Gaudin, A. C. M. et al. Increasing crop diversity mitigates weather variations and improves yield stability. PLoS ONE 10, e0113261 (2015).
Abson, D. J., Fraser, E. D. & Benton, T. G. Landscape diversity and the resilience of agricultural returns: a portfolio analysis of land-use patterns and economic returns from lowland agriculture. Agric. Food Secur. 2, 2 (2013).
Challinor, A. J., Koehler, A.-K., Ramirez-Villegas, J., Whitfield, S. & Das, B. Current warming will reduce yields unless maize breeding and seed systems adapt immediately. Nat. Clim. Change 6, 954–958 (2016).
Raseduzzaman, M. & Jensen, E. S. Does intercropping enhance yield stability in arable crop production? A meta-analysis. Eur. J. Agron. 91, 25–33 (2017).
Lesk, C., Rowhani, P. & Ramankutty, N. Influence of extreme weather disasters on global crop production. Nature 529, 84–87 (2016).
United States Department of Agriculture. National Nutrient Database. https://ndb.nal.usda.gov/ (2013).
Hill, M. O. Diversity and evenness: a unifying notation and its consequences. Ecology 54, 427–432 (1973).
Marshall, M. G. Codebook: Major Episodes of Political Violence (MEPV) and Conflict Regions, 1946–2015. http://www.systemicpeace.org/inscr/MEPVcodebook2015.pdf (2016).
Harris, I., Jones, P. D., Osborn, T. J. & Lister, D. H. Updated high-resolution grids of monthly climatic observations - the CRU TS3.10 dataset. Int. J. Climatol. 34, 623–642 (2014).
Monfreda, C., Ramankutty, N. & Foley, J. A. Farming the planet: 2. Geographic distribution of crop areas, yields, physiological types, and net primary production in the year 2000. Glob. Biogeochem. Cycles 22, GB1022 (2008).
Sacks, W. J., Deryng, D., Foley, J. A. & Ramankutty, N. Crop planting dates: an analysis of global patterns. Glob. Ecol. Biogeogr. 19, 607–620 (2010).
Danielson, J. J. & Gesch, D. B. Global Multi-Resolution Terrain Elevation Data 2010 (GMTED2010). https://pubs.usgs.gov/of/2011/1073/pdf/of2011-1073.pdf (US Geological Survey, 2011).
FAO-UNESCO. Soil Map of the World: Revised Legend (with Corrections and Updates). World Soil Resources Report 60 http://www.fao.org/soils-portal/soil-survey/soil-maps-and-databases/faounesco-soil-map-of-the-world/en/ (FAO, 1988).
Simons, G. F. & Fennig, C. D. Ethnologues: Languages of the World 21st edn (SIL International, 2017).
MacDonald, G. K. et al. Rethinking agricultural trade relationships in an era of globalization. Bioscience 65, 275–289 (2015).
JMP v.12.0.1 (SAS Institute, 2007).
Quantum GIS Development Team. Quantum GIS Geographic Information. version 2.13 (2016).
Tilman, D. Global environmental impacts of agricultural expansion: the need for sustainable and efficient practices. Proc. Natl Acad. Sci. USA 96, 5995–6000 (1999).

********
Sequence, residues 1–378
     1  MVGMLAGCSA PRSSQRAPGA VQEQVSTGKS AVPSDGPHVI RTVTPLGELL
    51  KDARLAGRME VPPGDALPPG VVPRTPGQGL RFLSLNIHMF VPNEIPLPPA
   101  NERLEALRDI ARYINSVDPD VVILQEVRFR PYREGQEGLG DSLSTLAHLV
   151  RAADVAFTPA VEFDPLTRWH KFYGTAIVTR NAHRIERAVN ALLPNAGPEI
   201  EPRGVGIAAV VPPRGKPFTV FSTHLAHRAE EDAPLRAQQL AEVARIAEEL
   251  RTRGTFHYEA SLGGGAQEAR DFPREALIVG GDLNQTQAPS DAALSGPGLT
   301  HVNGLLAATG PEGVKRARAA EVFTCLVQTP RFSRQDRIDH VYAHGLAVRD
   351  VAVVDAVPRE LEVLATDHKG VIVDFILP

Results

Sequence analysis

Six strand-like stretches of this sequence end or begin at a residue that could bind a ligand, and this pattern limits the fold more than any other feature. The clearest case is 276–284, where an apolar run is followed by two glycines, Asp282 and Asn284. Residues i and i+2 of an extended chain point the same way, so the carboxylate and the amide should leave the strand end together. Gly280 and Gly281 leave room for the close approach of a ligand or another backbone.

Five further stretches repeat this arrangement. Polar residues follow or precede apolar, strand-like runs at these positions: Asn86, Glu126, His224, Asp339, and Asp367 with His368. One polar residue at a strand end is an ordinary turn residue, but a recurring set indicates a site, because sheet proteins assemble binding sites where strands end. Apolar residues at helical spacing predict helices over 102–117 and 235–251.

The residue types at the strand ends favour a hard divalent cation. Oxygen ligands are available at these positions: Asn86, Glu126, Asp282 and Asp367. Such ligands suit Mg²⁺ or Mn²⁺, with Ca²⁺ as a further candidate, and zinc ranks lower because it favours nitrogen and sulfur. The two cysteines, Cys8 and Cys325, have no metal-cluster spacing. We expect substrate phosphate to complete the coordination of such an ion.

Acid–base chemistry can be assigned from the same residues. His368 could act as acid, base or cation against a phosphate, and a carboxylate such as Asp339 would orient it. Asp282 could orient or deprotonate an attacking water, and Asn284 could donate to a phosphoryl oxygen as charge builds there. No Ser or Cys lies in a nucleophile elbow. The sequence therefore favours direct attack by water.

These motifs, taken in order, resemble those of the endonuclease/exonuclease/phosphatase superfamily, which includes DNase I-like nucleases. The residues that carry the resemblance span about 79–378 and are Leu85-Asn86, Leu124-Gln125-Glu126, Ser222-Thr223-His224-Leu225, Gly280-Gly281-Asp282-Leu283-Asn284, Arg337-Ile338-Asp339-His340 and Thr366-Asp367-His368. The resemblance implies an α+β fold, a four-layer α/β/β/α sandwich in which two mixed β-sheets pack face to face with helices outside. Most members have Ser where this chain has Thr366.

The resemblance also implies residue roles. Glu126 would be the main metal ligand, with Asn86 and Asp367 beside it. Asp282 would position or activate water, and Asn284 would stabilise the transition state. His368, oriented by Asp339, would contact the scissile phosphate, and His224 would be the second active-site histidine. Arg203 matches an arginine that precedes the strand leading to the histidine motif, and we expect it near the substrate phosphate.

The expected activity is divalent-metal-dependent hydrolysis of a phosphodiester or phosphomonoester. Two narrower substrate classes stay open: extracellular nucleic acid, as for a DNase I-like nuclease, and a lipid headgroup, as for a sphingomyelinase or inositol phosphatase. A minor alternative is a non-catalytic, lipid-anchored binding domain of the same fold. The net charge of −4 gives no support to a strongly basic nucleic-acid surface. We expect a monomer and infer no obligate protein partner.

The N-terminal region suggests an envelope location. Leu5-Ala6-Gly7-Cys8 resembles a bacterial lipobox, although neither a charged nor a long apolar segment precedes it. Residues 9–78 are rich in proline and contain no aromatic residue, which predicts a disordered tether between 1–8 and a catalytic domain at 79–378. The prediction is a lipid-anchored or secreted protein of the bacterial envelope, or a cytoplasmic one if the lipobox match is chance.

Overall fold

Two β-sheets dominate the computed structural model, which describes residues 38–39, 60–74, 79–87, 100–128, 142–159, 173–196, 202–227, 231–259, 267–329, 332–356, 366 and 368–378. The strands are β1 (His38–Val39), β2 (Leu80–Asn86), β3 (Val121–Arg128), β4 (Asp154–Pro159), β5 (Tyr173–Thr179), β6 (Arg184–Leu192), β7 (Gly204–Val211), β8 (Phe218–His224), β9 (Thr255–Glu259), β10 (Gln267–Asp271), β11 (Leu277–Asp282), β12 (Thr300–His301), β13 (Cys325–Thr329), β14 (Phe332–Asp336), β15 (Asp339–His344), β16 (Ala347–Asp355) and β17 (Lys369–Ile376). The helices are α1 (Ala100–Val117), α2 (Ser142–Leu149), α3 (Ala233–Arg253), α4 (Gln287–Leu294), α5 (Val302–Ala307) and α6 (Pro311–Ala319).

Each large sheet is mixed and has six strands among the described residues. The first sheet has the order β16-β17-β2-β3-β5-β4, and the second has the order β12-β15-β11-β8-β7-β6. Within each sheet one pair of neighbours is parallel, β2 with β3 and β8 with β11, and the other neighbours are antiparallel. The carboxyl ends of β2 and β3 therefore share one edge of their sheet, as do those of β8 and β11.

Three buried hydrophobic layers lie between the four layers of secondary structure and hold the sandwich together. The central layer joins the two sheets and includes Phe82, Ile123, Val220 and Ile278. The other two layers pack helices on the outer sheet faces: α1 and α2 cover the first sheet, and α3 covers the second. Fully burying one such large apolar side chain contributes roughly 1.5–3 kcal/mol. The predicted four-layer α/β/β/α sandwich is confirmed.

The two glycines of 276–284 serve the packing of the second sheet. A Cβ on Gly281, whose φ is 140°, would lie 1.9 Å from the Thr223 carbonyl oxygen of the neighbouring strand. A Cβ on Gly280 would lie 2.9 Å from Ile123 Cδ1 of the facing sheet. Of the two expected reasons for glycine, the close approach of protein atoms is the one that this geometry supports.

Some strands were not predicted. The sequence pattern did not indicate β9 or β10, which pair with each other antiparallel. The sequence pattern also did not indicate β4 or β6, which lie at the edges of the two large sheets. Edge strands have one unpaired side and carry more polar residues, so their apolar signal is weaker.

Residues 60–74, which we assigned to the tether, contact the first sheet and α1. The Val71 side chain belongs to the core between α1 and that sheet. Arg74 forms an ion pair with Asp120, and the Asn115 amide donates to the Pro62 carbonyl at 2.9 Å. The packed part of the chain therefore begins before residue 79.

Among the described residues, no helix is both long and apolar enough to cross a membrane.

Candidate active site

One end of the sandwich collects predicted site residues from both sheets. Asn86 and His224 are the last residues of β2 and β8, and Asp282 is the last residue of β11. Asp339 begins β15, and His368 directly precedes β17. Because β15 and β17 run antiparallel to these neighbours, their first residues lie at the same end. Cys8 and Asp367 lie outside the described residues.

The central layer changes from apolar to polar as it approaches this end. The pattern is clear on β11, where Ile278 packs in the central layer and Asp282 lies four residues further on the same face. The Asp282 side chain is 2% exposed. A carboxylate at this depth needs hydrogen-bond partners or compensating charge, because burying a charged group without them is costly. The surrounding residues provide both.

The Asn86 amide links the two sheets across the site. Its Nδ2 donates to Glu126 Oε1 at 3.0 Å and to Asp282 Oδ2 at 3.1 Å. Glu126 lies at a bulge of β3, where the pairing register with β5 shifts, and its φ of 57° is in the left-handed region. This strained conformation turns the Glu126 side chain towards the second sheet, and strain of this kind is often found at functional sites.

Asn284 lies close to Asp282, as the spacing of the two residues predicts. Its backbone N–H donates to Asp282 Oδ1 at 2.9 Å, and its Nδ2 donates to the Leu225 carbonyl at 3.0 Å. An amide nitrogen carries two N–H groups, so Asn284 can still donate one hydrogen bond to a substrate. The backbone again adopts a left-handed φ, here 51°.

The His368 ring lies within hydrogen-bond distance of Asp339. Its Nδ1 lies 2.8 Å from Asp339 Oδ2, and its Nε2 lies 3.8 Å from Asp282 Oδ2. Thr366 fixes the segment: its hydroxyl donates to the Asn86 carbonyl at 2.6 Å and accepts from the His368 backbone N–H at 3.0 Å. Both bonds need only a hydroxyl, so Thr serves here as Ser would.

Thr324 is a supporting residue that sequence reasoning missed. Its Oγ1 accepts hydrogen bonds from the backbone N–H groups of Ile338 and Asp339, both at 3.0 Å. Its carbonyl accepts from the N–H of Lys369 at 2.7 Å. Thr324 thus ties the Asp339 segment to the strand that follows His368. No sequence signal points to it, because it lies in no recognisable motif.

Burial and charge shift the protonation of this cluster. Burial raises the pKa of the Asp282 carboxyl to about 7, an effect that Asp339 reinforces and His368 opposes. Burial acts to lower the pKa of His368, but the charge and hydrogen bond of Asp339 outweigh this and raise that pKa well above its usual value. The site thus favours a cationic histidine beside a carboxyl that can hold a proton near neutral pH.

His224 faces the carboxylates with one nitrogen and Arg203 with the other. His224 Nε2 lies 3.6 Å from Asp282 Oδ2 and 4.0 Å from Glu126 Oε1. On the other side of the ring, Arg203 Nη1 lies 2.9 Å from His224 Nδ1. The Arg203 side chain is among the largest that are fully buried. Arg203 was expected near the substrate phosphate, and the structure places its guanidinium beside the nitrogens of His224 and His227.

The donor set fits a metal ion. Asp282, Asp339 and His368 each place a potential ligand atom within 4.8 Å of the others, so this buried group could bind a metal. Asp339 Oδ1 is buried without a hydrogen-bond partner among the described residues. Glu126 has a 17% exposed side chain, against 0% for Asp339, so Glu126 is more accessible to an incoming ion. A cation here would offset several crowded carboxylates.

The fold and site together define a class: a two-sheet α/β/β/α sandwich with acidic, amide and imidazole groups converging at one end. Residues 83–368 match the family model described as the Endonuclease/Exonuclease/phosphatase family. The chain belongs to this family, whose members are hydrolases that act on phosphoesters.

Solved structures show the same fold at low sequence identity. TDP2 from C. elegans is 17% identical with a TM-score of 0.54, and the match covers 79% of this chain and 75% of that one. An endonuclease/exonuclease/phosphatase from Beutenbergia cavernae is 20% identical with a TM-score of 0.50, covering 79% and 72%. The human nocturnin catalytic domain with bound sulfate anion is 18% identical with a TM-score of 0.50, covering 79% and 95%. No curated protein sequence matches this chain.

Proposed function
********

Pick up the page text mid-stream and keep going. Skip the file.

We thank the Bren School of Environment Science and Management of the University of California Santa Barbara for support. This work was also supported by a grant overseen by the French National Research Agency (ANR) as part of the ‘Make Our Planet Great Again’ program (17-MPGA-0004) and by a National Science Foundation grant (LTER-1831944). We thank the FAO and its member countries, the University of East Anglia and the Center for Systematic Peace for data collection, dissemination and guidance on data use.
The authors declare no competing interests.
Publisher’s note: Springer Nature remains neutral with regard to jurisdictional claims in published maps and institutional affiliations.
Extended data figures and tables
Extended Data Fig. 1 Relationship between effective crop species diversity and crop species number per nation.
a, Black dots are mean effective crop species diversities and bars show the σ for nations grouped as planting 1–20, 20–40, 40–60, 60–80 or 80–100 crop species during 2001–2010 (n = 91). Data for each nation are shown as grey dots. Note that for a given number of crop species, there is a wide range in their effective crop species diversity caused by some nations having only a few dominant crops (and thus having a low effective diversity) and other nations having many crops of more similar abundances (and thus a high effective diversity). The two circled dots highlight 2 such nations, both growing 30 crop species but either very unevenly (that is, the dot with low effective diversity) or more evenly (that is, the dot high effective diversity). b, The frequency distribution of the effective crop species diversity values for this same time period.
a–f, Magnitude of the change in national yield stability as dependent on effective crop group diversity (a) and effective species diversity (d), precipitation instability (b, e) and irrigation (c, f). a–c, Values of national yield stability are predictions from the multiple regression model using effective crop group diversity (Extended Data Table 2a). d–f, Values of national yield stability are predictions from the multiple regression model using effective crop species diversity (Extended Data Table 2b). Predicted values were back-transformed from log-transformation, calculated using the observed range of the three predictors and keeping all the other predictors at their mean values. The grey bands represent the regression 95% confidence interval.
Extended Data Fig. 3 Contribution of crop groups to national caloric yield stability for each of six geographical regions.
A positive value of the log-transformed response ratio of yield stability for a crop group indicates that the presence of that crop group has a stabilizing effect. A negative value indicates a destabilizing effect. National log response ratios are represented per geographical region. In most regions, the presence of a given crop group is associated with increased national yield stability (n = 819).